One day, Chas saw Avengers: Endgame for the second time and wrote a review on Letterboxd. In particular, he had issues with how little he perceived the characters of Cap and Tony changed within the film, their big finale (spoiler). Then friend and patron of the podcast Julio vehemently disagreed in the comments. He was egged on by Stu. And there in the comments began a debate that looked a lot like an episode of Draft Zero. So we decided to make it one.
And what began as an exploration of how to dramatise character change swiftly became an exploration of how to position audience in relation to your characters. Do you want the audience empathising with the characters? Feeling what they are feeling in the moment? Or do you want your audience sympathising with your characters? Being rocked by surprise after the fact? Reminding your audience of their own personal relationship with the characters.
As always, spoiler-tastic.
It is time (in fact, well past time) for our semi-annual #Backmatter episode. For the uninitiated, this is an episode where Stu and Chas discuss career and craft-related topics beyond what makes great screenplays work. To that end, Stu and Chas dive into: a five year review of Draft Zero and how it has changed their writing craft and process; a discussion on the aesthetics of writing; learnings for emerging writers in having their work produced; and finally forgiving yourself for not writing.As always: an amazing thank you to out Patreons for supporting more Draft Zero more often, and in particular Patreon Chris Walker who edited this episode for us.
In part 1 of this 2-part episode, Chas & Stu look at examples of good character motivation. We’ve all watched movies where we don’t believe the motivation of a character or characters. We may have even written scripts where readers don’t buy the character’s choices. And that’s often a real problem because most of these choices coincide with key structural moments — e.g. the moments where the characters decide to do something “out of character” in order to progress to the next part of the story. To help us solve the problem of how to improve our character motivations, in this episode we explore great examples of character motivation and how they have helped the audience believe a character’s decision.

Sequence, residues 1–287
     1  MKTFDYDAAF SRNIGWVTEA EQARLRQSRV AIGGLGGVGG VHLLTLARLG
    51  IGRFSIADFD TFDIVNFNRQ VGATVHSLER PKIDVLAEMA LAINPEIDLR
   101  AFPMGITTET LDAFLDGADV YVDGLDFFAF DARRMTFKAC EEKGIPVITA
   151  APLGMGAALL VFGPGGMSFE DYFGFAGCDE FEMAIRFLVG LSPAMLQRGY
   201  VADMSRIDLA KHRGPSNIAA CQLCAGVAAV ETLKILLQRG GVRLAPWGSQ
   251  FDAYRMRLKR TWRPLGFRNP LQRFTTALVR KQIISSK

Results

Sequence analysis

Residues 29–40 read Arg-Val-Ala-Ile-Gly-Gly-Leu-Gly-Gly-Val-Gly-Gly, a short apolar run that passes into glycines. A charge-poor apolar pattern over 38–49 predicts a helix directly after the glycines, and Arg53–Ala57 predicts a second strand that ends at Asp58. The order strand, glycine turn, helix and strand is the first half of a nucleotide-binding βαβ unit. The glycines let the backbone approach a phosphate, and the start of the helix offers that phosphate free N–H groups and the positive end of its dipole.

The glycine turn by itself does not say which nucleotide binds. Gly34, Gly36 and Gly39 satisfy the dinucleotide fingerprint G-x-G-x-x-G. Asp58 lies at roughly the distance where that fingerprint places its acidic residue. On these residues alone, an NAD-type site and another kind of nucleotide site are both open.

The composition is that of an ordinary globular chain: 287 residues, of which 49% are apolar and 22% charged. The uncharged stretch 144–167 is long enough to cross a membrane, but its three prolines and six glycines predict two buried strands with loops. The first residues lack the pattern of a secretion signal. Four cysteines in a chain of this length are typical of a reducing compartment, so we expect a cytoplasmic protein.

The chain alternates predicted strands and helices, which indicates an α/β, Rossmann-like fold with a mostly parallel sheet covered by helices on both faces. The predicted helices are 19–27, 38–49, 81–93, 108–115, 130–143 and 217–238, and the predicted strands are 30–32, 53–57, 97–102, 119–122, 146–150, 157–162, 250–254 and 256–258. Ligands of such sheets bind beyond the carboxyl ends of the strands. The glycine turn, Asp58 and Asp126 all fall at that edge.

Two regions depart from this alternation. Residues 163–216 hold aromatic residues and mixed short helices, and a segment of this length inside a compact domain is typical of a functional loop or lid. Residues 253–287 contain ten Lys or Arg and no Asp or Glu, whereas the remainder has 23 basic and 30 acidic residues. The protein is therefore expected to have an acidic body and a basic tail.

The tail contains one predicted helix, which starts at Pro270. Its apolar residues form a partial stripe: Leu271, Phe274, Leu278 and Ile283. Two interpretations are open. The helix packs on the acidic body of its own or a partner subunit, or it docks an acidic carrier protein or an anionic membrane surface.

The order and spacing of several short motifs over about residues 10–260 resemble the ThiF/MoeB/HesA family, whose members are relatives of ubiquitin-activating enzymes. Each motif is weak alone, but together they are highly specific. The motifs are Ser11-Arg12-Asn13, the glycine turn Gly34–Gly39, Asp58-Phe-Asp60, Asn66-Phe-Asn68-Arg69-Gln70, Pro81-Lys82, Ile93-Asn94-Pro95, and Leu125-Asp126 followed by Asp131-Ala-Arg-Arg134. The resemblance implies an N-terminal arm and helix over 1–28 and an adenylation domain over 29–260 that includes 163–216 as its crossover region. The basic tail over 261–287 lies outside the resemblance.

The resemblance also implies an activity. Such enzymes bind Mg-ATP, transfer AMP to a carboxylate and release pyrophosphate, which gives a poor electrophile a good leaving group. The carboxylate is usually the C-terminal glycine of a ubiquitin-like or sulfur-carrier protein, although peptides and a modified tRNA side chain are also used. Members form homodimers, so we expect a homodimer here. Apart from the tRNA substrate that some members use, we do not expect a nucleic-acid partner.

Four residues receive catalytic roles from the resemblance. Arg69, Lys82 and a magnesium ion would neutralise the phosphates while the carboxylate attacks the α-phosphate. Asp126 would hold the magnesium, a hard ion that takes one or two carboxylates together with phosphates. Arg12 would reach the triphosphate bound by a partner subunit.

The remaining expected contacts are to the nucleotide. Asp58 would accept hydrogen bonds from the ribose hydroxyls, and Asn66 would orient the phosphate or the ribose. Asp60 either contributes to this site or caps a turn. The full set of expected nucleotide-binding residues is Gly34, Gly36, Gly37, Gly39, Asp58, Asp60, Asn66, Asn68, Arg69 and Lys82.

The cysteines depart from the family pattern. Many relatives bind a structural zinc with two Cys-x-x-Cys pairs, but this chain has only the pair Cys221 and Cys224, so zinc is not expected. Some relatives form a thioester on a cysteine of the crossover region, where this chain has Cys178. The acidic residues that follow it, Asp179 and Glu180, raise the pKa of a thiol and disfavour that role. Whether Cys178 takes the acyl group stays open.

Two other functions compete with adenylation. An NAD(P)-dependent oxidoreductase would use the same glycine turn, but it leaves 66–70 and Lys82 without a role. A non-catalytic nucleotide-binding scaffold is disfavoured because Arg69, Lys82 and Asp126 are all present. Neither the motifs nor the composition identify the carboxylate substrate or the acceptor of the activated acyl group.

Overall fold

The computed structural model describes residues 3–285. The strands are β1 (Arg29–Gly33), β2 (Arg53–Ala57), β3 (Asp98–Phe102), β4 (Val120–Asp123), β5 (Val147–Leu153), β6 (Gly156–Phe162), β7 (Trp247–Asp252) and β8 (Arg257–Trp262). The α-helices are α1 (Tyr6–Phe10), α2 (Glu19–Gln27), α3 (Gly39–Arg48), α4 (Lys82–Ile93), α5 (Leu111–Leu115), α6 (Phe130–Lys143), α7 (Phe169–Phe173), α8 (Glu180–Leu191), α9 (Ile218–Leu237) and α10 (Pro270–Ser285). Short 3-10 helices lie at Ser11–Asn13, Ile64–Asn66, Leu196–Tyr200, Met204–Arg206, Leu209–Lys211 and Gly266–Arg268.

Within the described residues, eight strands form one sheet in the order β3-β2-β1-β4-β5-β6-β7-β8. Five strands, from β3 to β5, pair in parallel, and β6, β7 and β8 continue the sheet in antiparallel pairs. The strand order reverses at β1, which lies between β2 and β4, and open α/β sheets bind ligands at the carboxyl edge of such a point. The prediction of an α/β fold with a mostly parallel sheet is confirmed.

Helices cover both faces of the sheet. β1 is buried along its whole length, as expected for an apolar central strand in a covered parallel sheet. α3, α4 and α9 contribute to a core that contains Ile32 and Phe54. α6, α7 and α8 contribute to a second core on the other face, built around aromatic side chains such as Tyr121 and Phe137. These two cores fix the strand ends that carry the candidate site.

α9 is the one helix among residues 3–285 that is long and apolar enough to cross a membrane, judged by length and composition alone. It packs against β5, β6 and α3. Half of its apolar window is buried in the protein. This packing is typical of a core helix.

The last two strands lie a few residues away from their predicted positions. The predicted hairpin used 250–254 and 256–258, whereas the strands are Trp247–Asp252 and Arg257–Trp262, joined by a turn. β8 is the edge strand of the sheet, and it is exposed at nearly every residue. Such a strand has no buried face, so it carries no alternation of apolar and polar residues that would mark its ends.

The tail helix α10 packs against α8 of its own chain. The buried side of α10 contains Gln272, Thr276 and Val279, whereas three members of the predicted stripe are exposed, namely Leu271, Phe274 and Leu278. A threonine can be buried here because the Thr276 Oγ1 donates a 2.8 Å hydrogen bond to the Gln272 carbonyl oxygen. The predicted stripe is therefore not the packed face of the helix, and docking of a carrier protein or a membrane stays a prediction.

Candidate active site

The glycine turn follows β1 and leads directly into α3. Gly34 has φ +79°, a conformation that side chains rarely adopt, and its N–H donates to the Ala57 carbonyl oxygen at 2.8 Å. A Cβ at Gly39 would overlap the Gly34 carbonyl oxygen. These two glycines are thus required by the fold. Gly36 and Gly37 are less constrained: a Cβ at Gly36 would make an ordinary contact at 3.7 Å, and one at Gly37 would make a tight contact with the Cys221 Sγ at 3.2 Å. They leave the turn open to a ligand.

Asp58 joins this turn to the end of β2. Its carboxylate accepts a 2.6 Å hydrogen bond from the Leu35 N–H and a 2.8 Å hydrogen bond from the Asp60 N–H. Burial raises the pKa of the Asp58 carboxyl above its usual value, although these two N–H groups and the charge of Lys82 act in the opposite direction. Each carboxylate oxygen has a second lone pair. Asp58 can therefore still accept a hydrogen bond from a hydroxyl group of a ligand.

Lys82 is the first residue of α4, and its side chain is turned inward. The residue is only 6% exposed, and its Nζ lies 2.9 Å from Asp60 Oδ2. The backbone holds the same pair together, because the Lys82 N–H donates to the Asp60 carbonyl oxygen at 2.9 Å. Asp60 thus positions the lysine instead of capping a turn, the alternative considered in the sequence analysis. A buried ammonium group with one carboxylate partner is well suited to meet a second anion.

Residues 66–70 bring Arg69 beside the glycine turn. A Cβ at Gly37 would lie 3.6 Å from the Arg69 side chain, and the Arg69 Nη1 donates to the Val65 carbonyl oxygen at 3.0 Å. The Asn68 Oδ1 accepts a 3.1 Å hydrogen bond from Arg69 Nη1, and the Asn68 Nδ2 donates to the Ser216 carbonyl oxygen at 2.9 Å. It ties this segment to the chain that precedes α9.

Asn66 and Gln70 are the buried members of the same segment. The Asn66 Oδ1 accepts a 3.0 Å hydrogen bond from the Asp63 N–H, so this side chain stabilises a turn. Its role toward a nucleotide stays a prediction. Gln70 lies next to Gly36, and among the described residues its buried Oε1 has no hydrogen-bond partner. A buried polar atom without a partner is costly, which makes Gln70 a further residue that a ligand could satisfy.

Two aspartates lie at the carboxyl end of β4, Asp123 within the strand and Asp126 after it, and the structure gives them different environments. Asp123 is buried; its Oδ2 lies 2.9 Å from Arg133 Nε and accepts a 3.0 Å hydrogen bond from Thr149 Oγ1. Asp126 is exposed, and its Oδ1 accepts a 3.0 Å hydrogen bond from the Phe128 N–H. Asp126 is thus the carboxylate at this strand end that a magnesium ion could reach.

This episode started out as an exploration of bad character decisions; ones which are universally derided by audiences. And, sadly for us filmmakers, it is often a key structural decision being made by a character that audiences just don’t buy. However, as Stu and Chas did their homework, this episode swiftly became an exploration of character motivations (because that is really what you have to get across in order for your audience to believe a decision) and – in true DZ style – good examples of character motivations.
And so Chas and Stu dive into NOTTING HILL, TO ALL THE BOYS I’VE LOVED BEFORE, GAME NIGHT, ARRIVAL, IN THE BEDROOM, BEIRUT, BREAKING BAD, THE MATRIX, BLOCKERS, A NEW HOPE (of course) and AVENGERS: INFINITY WAR. Passing/honourable mention also to MANCHESTER BY THE SEA, THE COMMUTER, THE LOBSTER, GAME OF THRONES, IRON MAN, GUARDIANS OF THE GALAXY and DOCTOR STRANGE (as we re-visit and re-contextualise stuff we’ve analysed previously).
The potential craft tools they uncover are character patterning, structural timing of the decision, debating the decision (both internally and externally), withholding the decision from the audience, and using external plot elements to either remove obstacles or push the character into making a decision that is… well… out of character. But believably so.